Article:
Good evening, everyone!
Today has been an insanely long day and not for any particular reason, the time has just passed very slowly. This was probably aided by the fact that it’s been an entirely uneventful day where all I did was watch tv, do a small amount of work for a group I belong to, and read.
On the bright side, today we got our water back! It’s possible you don’t know this, but Puerto Rico is experiencing one of the most severe droughts in the past decade, at least. Due to the infinitesimal amount of water, we’re smack dab in the middle of a rationing process. Initially, they would turn the water off for 24 hours, but as the water level decreased they increased that to 48 hours. Today marked the end of the latest 48 hour period and, for the moment, we have running water. According to the “experts” the water levels will take months to get back to normal, which means we will most likely be rationing water for a few more months.
If I weren’t already excited to go to Europe, escaping the drought alone would make the trip worth it. I can’t lie though, I’m stoked to finally visit Europe on my terms, without tour guides or a group to determine where I should be. The first time I set foot in Europe my mom and I went with a tourist group where everything was pre-organized. The second time, I went as part of an English course offered by the university; we traveled following in the footsteps of American writers who based themselves in Paris, like those of the Lost Generation and the Beat Generation. As a group we had more freedom to explore than I did with my previous group, but because it was a university course there were things we needed to see and places we needed to visit in order to complete our final project. This upcoming trip is a chance to finally visit the countries that I want, without the hassle of timetables or preordained stops to make. It’s quite liberating, if I’m honest.
As part of my absolutely lazy day, I’ve been getting acquainted with my new book, Under the Banner of Heaven by Jon Krakauer. I usually have a difficult time reading non-fiction because it takes me longer to dig through the facts and find the narrative. I haven’t had that problem so far with this book, it invites me to keep reading and I can’t help but feel excited about that. In the small amount I’ve read it’s already explored a few subjects in a really concise and direct way. I like that the writer found a way to explain things that could be potentially complicated and made them seem simple without dumbing them down. I’ve never read anything else by him, so I don’t know if that’s his style in general or if it has to do with the nature of the book itself. So far, the way he’s approached the narrative works with what he’s trying to say.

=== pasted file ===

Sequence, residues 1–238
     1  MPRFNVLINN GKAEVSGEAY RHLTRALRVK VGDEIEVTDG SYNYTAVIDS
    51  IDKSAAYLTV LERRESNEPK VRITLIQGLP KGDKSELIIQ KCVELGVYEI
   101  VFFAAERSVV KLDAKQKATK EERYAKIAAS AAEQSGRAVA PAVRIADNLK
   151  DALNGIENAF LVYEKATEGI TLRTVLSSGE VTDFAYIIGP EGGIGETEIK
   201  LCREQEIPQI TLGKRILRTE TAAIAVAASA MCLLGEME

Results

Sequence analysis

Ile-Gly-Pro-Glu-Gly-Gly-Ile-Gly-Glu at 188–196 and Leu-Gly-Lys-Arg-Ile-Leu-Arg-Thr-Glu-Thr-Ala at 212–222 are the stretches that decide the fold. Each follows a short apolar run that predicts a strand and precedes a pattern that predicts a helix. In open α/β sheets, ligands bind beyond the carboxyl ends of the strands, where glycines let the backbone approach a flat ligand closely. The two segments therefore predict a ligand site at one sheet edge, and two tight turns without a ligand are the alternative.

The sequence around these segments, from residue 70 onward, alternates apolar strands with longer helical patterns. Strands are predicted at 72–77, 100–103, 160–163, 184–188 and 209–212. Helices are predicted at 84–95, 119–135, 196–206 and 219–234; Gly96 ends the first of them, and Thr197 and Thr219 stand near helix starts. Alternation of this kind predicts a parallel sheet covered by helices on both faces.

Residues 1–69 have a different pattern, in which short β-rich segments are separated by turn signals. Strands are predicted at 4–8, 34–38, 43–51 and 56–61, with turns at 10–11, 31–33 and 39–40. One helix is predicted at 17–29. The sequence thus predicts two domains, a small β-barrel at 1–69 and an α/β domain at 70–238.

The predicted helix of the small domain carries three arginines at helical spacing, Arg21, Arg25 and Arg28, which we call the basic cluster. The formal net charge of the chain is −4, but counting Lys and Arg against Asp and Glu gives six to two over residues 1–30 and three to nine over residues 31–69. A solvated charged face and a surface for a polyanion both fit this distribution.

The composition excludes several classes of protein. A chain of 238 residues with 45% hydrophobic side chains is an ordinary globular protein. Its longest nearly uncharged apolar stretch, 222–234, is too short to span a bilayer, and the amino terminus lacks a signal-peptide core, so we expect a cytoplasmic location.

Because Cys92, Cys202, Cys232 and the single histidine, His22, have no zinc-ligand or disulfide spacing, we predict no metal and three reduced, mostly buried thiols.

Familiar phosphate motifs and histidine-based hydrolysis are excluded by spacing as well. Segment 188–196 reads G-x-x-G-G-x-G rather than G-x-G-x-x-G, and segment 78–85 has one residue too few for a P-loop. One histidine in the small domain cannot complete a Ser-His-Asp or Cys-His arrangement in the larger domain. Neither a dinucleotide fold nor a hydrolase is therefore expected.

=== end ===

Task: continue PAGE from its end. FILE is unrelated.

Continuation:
One of the first things he touches upon is the difference between Mormons and Mormon Fundamentalists. They both follow the same scriptures and believe Joseph Smith to be a prophet similar to Moses, for example. However, Mormon Fundamentalists firmly believe in polygamy, to them abandoning what they consider to be one of the religion’s pillars means that the rest of the Mormons have strayed from the true teachings of Joseph Smith.
According to the book, only about 1% of Mormons are Fundamentalists and yet, at least in my experience, we have a tendency to equate Mormons with polygamy. I’ve never really been exposed to the Mormon religion, so I’m not sure if it’s a general tendency to equate Mormonism with polygamy or if it’s just me. I’ve been trying to find out what percentage of Puerto Ricans belongs to the Mormon religion, but I haven’t found anything satisfying. It looks like I have homework!
Hopefully I’ll have some information by tomorrow. Don’t miss my continued journey into Mormonism! Until next time, readers.